As the chief of police of Blaine, I stand for truth and righteousness. I condemn any abuse, however slight, of police power and authority. The members of the Blaine Police Department are highly trained and have the utmost respect for life and humanity. Blaine police officers are trained in de-escalation techniques, effective use of force, crisis intervention and the unjustness of bias-based policing. We have been taught how to recognize our own implicit biases, understand how biased policing impacts community members and have developed skills and tactics to reduce the influence of bias.
A total of 100,000 disposable face masks are in a warehouse, waiting to be distributed to Whatcom businesses that need them as the county moves to reopen from COVID-19 restrictions.
Whatcom Unified Command, the multi-governmental agency overseeing the local pandemic response, bought the non-medical masks so that businesses that are reopening can follow a directive from the county health officer that went into effect May 22.
The Whatcom County Health Department apparently has stopped releasing coronavirus data that is independent from COVID-19 data the Washington State Department of Health is releasing for the county.
The county health department in a press release Wednesday, June 1, announced that it has launched a new, interactive COVID-19 dashboard, that it says displays new metrics and should allow for better comparisons to other counties. The new dashboard still provides the same information that was previously available on the county’s page, including epidemiological curves and case counts, but in an interactive format and with new daily numbers.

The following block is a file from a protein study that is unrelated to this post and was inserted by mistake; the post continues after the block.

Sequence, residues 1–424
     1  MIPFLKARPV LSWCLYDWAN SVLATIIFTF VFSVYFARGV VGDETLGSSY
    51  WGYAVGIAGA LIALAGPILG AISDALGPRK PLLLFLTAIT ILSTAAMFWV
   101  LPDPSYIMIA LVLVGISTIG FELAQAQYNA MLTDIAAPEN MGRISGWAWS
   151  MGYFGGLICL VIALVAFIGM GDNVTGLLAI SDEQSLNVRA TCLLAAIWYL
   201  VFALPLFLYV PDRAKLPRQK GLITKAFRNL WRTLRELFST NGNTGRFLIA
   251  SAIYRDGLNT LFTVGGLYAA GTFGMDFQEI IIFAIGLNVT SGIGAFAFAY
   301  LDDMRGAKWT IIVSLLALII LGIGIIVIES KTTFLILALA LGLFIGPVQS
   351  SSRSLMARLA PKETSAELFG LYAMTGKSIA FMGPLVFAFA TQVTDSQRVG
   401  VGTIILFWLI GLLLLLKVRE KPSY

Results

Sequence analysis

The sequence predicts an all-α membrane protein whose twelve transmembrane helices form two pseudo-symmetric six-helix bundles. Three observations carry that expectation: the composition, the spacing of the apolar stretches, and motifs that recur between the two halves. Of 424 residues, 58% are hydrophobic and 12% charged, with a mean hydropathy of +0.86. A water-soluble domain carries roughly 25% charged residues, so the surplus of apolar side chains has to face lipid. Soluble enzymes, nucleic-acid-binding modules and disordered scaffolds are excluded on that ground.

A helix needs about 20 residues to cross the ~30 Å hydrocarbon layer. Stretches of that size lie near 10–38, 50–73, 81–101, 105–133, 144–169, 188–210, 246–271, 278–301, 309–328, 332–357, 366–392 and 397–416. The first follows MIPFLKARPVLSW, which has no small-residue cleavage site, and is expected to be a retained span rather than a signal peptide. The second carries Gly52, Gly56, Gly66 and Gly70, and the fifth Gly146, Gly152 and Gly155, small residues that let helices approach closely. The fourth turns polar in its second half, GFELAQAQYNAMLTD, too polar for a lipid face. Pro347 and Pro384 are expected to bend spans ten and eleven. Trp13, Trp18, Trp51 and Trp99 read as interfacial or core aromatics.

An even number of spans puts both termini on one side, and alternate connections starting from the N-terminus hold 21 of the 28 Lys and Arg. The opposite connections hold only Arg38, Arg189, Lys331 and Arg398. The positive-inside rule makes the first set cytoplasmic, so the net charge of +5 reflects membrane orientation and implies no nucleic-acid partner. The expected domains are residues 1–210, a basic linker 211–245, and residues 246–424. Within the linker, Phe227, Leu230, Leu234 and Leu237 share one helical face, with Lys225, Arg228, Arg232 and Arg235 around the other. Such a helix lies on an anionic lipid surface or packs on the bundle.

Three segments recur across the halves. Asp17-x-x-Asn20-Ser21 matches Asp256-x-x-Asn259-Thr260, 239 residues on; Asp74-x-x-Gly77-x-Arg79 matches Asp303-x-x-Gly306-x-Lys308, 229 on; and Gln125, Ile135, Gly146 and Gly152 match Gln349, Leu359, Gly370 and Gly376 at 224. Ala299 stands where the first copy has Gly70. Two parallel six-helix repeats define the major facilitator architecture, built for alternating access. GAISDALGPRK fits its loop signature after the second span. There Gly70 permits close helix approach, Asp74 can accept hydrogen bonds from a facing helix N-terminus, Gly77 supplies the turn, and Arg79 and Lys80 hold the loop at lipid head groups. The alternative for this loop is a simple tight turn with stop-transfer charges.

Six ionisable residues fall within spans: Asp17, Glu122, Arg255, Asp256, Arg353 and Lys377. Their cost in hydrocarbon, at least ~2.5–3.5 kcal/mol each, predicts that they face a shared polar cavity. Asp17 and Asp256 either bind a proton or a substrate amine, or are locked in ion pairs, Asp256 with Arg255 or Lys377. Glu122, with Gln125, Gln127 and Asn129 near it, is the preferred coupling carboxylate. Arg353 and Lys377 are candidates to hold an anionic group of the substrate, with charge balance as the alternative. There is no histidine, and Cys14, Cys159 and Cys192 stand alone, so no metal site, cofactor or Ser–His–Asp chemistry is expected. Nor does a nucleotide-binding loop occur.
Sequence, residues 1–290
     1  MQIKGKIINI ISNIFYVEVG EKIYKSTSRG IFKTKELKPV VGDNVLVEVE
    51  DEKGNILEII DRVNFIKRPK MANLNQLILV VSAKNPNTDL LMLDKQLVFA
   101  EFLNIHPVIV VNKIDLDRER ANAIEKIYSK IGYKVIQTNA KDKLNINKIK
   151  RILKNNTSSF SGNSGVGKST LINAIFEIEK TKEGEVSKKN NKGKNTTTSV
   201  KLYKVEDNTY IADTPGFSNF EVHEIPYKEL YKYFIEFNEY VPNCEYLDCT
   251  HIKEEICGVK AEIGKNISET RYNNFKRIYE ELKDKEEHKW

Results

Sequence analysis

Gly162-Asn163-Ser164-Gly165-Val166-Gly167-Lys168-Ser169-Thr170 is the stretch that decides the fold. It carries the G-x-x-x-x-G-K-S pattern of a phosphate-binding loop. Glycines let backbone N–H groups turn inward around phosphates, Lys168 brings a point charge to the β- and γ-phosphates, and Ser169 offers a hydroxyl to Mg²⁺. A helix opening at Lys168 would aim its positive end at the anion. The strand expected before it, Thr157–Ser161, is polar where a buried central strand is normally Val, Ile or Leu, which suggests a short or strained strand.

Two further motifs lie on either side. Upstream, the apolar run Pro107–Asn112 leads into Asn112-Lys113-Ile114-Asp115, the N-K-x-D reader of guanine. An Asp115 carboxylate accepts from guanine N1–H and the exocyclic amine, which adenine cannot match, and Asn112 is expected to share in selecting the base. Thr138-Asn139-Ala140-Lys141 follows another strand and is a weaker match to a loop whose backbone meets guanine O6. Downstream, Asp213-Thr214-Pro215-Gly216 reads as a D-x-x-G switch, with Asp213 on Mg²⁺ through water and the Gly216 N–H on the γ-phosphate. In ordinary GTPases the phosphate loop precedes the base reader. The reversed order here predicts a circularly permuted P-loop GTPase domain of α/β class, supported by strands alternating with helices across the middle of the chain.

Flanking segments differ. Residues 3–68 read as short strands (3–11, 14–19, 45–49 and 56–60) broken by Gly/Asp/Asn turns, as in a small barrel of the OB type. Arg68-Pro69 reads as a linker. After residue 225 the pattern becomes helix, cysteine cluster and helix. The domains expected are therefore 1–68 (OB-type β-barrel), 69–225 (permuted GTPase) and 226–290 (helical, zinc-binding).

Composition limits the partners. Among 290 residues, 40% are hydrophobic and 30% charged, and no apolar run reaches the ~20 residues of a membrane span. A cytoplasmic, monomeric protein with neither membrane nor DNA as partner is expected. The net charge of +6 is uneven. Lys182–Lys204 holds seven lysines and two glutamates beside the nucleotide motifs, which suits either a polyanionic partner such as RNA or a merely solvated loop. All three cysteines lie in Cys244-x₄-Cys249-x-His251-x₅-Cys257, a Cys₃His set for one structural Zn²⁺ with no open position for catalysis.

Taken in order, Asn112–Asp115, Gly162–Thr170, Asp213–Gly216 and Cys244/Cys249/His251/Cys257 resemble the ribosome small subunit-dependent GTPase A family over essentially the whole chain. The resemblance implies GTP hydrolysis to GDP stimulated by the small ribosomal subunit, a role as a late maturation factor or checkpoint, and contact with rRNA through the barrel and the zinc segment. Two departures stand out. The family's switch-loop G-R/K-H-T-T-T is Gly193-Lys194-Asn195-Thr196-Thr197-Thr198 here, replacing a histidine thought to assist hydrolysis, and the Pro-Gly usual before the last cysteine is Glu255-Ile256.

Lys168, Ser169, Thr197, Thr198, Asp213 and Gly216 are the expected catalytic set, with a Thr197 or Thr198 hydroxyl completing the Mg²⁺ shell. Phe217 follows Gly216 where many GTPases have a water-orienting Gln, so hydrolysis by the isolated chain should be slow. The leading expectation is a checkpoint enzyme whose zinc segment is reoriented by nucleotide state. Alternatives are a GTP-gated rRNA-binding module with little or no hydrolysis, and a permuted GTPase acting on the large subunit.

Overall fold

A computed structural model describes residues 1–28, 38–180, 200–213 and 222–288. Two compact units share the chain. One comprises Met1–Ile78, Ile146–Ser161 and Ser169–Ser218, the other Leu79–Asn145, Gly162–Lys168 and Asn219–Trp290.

With the economic slowdown from the new coronavirus moving into its fourth month, Gov. Jay Inslee extended his emergency order temporarily halting evictions and freezing new increases on residential rents.
The extended order — which now runs through Aug. 1 — also adds a variety of new provisions, according to Inslee’s office.
“In the current moment, it is just picking another fight with our allies on trade at a time when the administration’s trade agenda — particularly with China — is unraveling,” said Edward Alden, a professor at Western Washington University. “It’s hard to see why the administration wants another fight.”
Jason Oxman, chief executive of the Information Technology Industry Council, which includes Amazon, Facebook and Google, endorsed the administration action and expressed hopes for a negotiated solution.
Western Washington University President Sabah Randhawa, himself a Pakistani immigrant, discussed the “heavy burden” on every person of color in a statement Friday, May 30.
“I urge every member of our community to consider the ways systems of oppression and violence harm us and others, and to find ways to support and uphold members of our community who are suffering right now,” Randhawa said.. “While we are distant from each other, the simple act of checking in with friends and colleagues, of reaching out, is more important and more powerful than ever.”